At any rate, it was here that the OCA wanted to hold the third edition of the Asian Indoor Games which saw Vietnam pulling out all the stops to make a good impression. These games represented by far the most important sports event ever held in the history of the country. It consisted of organizing tournaments in 20 sports (some, like Kurash or Pencak Silat, unknown outside of Asia) with 37 Olympic Committees involved and 2000 athletes competing in activities in the major cities, Hanoi, Ho Chi Min City and DaNang in particular.

Kickboxing, which presented a tournament only in semi-contact and low-kick, in 5 different weight divisions between men and women, brought to Vietnam 70 athletes representing 10 Asian nations: Jordan, India, Iraq, Iran, Kazakhstan, Kuwait, Mongolia, Thailand, Uzbekistan and Vietnam. There certainly would have been more were it not for the economic crisis, which is rampant in that part of the world as well, forcing athletes from the Philippines, Malaysia, Sri Lanka and Nepal to stay at home. Others, like Syria, Hong Kong and Korea evidently still lack competitive fighters at certain levels.

I was pleasantly surprised by both Thailand (the Thai Kickboxing Association is run by the same Santipharp who also heads the Asian Federation of Muay Thai) and by Vietnam which had made its OCA debut in kickboxing in August at the first (and last) Martial Arts Games held in Bangkok. From now on they will be officially included in the Asian Indoor Games.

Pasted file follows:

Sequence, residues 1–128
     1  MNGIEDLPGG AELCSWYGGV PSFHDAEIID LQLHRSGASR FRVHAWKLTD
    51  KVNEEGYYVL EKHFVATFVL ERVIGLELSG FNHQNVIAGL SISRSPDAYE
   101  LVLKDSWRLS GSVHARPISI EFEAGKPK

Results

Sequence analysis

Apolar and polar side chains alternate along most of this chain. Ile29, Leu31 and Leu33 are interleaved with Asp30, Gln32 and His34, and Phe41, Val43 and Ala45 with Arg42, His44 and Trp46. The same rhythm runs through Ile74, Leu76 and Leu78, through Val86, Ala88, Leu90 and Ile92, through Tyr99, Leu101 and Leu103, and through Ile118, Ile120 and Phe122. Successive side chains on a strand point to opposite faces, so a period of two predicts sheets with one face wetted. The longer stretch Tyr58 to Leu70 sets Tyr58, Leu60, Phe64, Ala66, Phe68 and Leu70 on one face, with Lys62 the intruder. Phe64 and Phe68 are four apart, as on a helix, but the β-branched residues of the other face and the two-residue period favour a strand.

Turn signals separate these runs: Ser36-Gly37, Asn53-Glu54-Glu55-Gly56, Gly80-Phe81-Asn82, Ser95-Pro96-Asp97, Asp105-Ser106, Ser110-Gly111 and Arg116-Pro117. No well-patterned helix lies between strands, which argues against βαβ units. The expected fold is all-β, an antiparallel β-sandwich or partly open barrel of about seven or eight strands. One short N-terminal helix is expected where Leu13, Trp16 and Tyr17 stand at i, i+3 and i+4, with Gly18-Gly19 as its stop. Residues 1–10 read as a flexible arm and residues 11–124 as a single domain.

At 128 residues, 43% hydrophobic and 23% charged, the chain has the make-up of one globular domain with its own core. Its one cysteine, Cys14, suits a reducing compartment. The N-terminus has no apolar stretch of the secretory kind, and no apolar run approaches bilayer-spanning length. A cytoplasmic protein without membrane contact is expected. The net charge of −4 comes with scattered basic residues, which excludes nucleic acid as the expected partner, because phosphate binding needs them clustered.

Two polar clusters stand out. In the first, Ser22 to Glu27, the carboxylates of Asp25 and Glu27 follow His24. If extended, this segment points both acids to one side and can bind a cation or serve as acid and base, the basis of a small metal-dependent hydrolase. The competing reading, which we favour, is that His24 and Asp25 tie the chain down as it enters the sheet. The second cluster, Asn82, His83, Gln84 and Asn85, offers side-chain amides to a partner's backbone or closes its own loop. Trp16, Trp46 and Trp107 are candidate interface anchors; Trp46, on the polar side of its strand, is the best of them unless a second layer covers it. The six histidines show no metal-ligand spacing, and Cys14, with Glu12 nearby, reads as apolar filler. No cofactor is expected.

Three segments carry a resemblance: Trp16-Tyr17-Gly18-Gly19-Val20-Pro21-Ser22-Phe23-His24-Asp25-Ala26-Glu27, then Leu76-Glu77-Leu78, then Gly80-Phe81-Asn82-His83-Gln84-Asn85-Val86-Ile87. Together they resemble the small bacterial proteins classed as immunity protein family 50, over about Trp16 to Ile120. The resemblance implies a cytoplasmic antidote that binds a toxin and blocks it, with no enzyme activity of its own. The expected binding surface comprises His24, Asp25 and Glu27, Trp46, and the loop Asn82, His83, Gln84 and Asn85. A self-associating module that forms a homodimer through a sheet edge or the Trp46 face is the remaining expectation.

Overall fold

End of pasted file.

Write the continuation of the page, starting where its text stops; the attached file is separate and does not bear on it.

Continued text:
It was almost incredible to see Thai athletes like Direk Thongnoon testing himself in semi-contact and winning in the 63Kg class! Likewise, how nice it was to see the Vietnamese fighters at work for the first time in low-kick. In addition to showing remarkable fighting spirit and a good technical level, they managed a victory with a woman, Thi Tuyet May Nguyen in the 52 Kg class, who made a very favorable impression on me with her technical ability and the heart she put into her fighting. You could see that she was inspired by a noble cause, like giving everything she had to win a prestigious medal for her country.

However, the most surprising thing was the interest that the kickboxing tournament stirred up in many Asian Olympic Committee leaders, like the president of Thailand’s NOC and his deputy, the powerful general Charouck Arirachakaran, the Iranian Sports Minister, the Princess of Kuwait, who is also the sister of Al-Sabah, the head of the OCA, and obviously the leaders of Vietnamese sports, all hastily gathered to better understand the nature of kickboxing and to cheer on their local fighters and follow them in their matches, for better or for worse.

Nasser Nassiri, one of my vice-presidents as well as coordinator of all WAKO activity in Asia, did a fine job of running the show during the five days of competition. Even though relatively few valid referees and judges were available (aside from the unquestioned competence of Roberto Fragale who received a special invitation as he was the one who got WAKO off the ground in Thailand), Nassiri brought the tournament to a conclusion without mishaps and with a well-balanced distribution of the available medals, showing that kickboxing is by now the patrimony of everyone.